Previously in Part 1 I’ve talked about the fact that 2006 was the hottest year on record according to the National Weather service. But what does that mean? Does a record year indicate a long term climatic trend?
Which leads me to my next point.
3) Humans tend to extrapolate their experience to their environment. Its only natural to think that when your experience tells you things are different from what you remember “the way it used to be” to go searching for answers. Search hard enough for the answers you seek, and they are often found to fit your criteria. It happens in science too. In the 1970’s, the USA saw several harsh winters and the “big chill” was the focus of science. A new ice age was envisioned in our future. Even Time Magazine got in on the act, not just once or twice but three times with articles expounding on the coming ice age.
From the 1974 Time article: “Telltale signs are everywhere —from the unexpected persistence and thickness of pack ice in the waters around Iceland to the southward migration of a warmth-loving creature like the armadillo from the Midwest.Since the 1940s the mean global temperature has dropped about 2.7° F. ”
The point is this: people talk about weather more than anything else. And, if the weather starts seeming “odd” well then there’s lots of reasons to go look for a cause. But climate is a whole different story. Climate is based on trends lasting tens, hundreds, and thousands of years….so one year or even ten of hot or cold weather does not a climate change make.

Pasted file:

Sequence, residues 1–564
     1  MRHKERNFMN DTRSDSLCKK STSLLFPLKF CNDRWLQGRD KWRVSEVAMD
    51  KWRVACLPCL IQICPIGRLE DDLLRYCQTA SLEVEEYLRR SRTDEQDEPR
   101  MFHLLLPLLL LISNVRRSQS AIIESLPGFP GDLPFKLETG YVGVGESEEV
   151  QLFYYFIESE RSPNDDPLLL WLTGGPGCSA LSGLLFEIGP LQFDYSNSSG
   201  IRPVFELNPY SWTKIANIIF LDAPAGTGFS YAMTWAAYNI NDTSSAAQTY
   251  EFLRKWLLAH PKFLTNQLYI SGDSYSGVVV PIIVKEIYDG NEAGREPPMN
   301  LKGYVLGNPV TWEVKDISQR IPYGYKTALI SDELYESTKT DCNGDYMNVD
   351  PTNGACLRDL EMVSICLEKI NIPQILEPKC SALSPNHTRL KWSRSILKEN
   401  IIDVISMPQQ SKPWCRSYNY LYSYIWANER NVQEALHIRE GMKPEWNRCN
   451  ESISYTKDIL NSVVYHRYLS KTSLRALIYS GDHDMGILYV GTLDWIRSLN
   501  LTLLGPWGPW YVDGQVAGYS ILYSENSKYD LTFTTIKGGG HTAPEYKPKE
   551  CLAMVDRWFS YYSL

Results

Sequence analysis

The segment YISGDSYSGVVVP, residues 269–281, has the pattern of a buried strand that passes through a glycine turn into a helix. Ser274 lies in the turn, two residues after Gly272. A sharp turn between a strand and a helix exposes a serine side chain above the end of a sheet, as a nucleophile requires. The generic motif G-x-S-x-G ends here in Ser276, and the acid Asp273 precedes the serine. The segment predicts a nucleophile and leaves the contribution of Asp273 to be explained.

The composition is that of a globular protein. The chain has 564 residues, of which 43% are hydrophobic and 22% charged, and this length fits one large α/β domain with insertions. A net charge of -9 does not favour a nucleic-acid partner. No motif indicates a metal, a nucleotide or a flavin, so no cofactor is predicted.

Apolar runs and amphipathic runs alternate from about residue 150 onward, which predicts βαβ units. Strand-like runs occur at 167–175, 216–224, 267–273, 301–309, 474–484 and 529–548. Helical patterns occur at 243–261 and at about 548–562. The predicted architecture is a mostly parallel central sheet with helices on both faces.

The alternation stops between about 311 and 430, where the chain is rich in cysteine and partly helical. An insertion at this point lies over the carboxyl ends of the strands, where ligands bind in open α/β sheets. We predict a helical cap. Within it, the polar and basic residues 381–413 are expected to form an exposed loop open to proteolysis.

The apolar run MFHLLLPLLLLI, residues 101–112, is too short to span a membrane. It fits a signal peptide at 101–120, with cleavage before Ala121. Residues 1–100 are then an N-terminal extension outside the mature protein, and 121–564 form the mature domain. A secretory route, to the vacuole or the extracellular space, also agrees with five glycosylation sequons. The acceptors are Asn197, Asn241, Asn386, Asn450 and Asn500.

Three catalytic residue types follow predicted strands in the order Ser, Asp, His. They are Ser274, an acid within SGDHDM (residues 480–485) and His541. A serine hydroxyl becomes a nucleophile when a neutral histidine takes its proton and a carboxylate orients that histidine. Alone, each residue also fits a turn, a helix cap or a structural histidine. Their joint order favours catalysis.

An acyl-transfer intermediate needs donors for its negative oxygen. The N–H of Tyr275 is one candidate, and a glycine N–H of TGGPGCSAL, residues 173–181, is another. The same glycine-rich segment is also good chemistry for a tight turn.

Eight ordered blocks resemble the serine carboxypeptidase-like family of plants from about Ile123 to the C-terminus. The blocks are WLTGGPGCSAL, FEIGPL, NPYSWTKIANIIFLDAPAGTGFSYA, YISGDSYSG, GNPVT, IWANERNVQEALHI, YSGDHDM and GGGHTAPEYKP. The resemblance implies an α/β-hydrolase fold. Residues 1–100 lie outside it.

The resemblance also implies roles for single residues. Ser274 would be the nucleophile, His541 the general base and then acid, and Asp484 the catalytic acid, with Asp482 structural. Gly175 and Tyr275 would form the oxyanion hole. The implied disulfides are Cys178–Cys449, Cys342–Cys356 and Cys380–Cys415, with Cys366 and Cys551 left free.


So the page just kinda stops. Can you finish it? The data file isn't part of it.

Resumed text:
Now, the pendulum of climate opinion may be about to swing in another direction, according to this National Geographic article, the warming trend we’ve seen could trigger another ice age.
So which way is it? Colder, Hotter? It depends on whom you ask. The big problem is that many meteorologists and climate scientists don’t look at the REALLY big picture that includes our SpaceWeather environment. And some still labor under the notion that the sun is not variable, or that the small chnages in solor luminosity can’t account for the changes we see in earths climate.
But the earth is not just getting energy from the sun in the form of visible light. There’s a whole range of electromagnetic linkage between the earth and sun, and the solar wind.
Yet climate models don’t figure these energy factors into the earths energy balance. How can they? They don’t have a good handle on how the suns magnetic field and and solar wind changes might possiblly affect earth. And, I’ll be the first to admit that they don’t teach you anything in meteorology school other than about how visible solar irradiance is responsible for earth’s energy budget. There’s a built in bias on the part of meteorologists and climatologists to only look at the atmosphere, and how light from the sun affects it. Hence CO2 becomes the focus since it has the abilty to alter how earth’s atmosphere reacts to sunlight. CO2 is the boogeyman of climate change because the vast majority of meteorologists and climatologists don’t look beyond the atmosphere for answers.
But ask a solar scientist about global warming, and you’ll likely get an entirely different answer.
In Part 3, I’ll show you some hardly ever seen before solar studies that come about as close to a “smoking gun” for climate change you’ll ever see and suggest a mechanism for how the missing linkage between the sun and earth is likely responsible for the ‘apparent’ climate shifts we see.